Brand Communications

This piece was written as a ‘Tips from the Top’ article for The Marketer.  The overall article dealt with the challenge of managing brand communications in today’s environment.

For overworked, unappreciated corporate communication executives everywhere, here are a handful of tips that I hope might be useful:

  • Strategy: Brand, product and communications planning must work together as part of a cohesive whole. Seems so obvious, yet they’re so often the responsibility of separate teams that don’t talk enough.  A unifying strategy and joint approach to planning are critical to driving cost effective, integrated communications.
  • Research: Communications activity can so often look great but miss the target.   Wrong tone, language, imagery, media etc.  The corner stone of relevant, impactful communications is insight, derived from careful, rigorous research. Yet frequently this is the first part of the budget to be cut. In my view a massive mistake – after all, without insight where’s the competitive edge coming from?
  • Consistency: Balancing brand consistency with market relevance is a major challenge, especially across international boundaries.  In my experience one-size-fits-all solutions based on home market assumptions just don’t work. The key is getting reliable, in-market advice from someone who really understands the culture and language. Beware the perils of in-house translations by local colleagues!
  • Control: Maintaining brand discipline across markets, languages and outlets is tough. An efficient online resource or library is a pre-requisite, centrally controlled, interactive and really easy to use.  And as a general principle, keep brand rules and regulations stripped out and simple.  It’s better for colleagues to abide by 10 ‘must haves’ rules rather than ignore 20 ‘like to haves’.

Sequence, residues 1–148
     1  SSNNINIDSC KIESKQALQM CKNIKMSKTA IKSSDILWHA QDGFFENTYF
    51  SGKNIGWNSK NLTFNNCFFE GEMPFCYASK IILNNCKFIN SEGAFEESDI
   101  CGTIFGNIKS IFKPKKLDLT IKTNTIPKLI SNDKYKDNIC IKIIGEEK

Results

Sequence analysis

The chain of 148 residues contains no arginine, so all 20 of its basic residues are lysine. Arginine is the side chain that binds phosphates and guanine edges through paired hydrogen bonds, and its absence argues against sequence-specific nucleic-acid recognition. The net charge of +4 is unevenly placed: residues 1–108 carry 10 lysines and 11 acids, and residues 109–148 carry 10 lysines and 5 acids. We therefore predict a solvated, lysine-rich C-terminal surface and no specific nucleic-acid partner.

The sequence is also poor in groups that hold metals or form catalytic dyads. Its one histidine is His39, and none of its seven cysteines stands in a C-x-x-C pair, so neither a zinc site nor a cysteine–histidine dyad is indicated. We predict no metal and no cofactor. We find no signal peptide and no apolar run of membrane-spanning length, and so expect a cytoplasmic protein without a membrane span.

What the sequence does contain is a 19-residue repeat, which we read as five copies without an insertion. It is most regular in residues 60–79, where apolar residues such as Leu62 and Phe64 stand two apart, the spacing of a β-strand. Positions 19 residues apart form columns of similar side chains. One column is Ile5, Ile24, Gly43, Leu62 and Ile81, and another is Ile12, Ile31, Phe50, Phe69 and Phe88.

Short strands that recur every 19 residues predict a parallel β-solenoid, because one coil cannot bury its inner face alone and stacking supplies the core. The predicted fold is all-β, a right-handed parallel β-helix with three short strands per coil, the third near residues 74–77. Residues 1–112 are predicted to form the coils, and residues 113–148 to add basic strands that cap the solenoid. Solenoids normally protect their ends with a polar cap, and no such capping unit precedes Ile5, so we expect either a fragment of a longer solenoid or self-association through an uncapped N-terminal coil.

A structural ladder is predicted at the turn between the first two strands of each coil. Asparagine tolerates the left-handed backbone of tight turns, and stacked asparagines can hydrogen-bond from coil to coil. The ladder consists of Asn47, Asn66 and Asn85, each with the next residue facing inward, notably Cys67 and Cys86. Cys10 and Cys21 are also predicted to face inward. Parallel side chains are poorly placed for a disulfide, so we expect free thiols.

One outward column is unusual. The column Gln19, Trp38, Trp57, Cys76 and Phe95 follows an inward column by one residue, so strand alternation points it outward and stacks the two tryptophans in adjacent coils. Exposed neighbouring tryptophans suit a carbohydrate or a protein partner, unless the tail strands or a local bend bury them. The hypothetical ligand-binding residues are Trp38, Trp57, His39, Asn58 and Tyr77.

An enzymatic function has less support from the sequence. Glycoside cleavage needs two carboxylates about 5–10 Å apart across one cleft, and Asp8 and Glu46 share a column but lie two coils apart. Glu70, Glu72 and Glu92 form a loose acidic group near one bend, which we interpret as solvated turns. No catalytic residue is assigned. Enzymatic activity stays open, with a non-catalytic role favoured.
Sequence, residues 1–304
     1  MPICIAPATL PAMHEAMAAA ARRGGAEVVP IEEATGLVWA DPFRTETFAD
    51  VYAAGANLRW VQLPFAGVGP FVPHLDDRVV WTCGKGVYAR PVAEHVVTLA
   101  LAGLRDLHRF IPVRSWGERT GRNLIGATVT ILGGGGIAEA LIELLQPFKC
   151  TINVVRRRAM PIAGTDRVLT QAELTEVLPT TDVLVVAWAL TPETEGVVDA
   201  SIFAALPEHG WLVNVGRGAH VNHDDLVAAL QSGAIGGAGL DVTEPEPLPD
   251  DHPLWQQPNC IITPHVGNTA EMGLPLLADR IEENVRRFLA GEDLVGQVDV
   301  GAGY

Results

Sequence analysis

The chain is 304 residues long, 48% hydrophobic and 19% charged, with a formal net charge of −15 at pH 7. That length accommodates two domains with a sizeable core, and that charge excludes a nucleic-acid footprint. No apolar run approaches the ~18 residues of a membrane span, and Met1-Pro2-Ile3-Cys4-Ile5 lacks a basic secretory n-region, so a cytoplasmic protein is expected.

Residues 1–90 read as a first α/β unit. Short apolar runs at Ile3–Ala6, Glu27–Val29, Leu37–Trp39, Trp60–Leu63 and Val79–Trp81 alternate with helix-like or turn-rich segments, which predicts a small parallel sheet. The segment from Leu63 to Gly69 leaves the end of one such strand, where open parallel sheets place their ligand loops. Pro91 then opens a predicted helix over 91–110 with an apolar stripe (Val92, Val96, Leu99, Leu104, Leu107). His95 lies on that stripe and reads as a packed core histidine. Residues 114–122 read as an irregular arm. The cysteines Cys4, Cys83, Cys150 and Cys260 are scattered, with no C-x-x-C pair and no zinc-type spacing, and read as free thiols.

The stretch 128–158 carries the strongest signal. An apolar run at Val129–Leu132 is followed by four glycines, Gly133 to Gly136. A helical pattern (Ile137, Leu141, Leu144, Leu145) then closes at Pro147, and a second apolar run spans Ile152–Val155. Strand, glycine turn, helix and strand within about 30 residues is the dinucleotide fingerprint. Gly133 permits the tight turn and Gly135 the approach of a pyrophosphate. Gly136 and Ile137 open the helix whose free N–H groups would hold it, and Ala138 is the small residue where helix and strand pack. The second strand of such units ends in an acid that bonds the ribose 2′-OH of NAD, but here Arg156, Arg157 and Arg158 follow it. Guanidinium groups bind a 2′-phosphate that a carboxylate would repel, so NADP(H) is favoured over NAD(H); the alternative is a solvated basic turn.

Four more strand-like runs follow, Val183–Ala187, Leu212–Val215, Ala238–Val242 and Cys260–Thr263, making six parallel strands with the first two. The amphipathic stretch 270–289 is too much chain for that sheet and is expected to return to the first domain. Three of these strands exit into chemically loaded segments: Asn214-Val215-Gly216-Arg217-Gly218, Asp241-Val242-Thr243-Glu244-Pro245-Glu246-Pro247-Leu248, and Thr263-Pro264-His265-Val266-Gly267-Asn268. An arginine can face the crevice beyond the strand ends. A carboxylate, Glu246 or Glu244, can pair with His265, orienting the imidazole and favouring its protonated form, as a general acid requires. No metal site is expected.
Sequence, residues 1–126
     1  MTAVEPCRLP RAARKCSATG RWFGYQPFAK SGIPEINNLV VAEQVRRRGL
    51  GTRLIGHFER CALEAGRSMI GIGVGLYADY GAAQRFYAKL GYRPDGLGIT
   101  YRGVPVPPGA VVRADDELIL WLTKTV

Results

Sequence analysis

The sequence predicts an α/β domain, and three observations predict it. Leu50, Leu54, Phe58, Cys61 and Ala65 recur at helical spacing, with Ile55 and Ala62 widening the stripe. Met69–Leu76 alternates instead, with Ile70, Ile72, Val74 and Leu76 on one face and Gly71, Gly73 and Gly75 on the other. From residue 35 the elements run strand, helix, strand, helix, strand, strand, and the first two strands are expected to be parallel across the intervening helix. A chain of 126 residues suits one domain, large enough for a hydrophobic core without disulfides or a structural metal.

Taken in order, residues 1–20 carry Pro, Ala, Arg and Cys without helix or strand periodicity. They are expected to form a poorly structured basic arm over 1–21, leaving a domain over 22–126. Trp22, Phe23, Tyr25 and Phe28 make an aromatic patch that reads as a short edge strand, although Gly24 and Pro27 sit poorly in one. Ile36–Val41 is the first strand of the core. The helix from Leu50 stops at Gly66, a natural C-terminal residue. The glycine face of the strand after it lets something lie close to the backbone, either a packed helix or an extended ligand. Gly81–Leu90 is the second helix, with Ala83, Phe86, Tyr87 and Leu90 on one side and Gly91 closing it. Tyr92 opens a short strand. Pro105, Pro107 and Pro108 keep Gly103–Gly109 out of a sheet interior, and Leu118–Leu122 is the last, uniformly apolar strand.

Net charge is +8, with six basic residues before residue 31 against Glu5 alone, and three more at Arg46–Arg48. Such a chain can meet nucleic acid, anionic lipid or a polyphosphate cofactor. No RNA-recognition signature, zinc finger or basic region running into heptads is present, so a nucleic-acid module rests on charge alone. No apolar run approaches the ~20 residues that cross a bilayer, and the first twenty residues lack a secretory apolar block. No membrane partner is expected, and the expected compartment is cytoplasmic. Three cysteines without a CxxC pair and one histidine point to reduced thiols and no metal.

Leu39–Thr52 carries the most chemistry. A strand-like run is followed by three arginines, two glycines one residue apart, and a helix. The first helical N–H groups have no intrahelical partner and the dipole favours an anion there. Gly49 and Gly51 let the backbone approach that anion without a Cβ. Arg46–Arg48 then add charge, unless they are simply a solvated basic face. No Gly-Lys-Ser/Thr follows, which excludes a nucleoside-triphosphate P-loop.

• Flexibility: With a seemingly unending variety of media available, understanding the relevance of each channel to different consumers and different occasions is vital. Planning content and creative to work powerfully in each channel is critical.
  • Engagement: We wouldn’t expect a dinner date to go too well if our partner was expected to listen but not allowed to express a view, now would we? So why is so much of our corporate communications designed to work this way?  In an age of social media, dialogue and engagement, we often seem stuck in a one way street.  It’s time to shift into listening mode and embrace interaction and transparency as more than just an afterthoughts handled by the web team.  Customers are talking about our brands all the time – it’s time to join the conversation and embrace social media as a planned and integrated part of our corporate conversation at all levels.     

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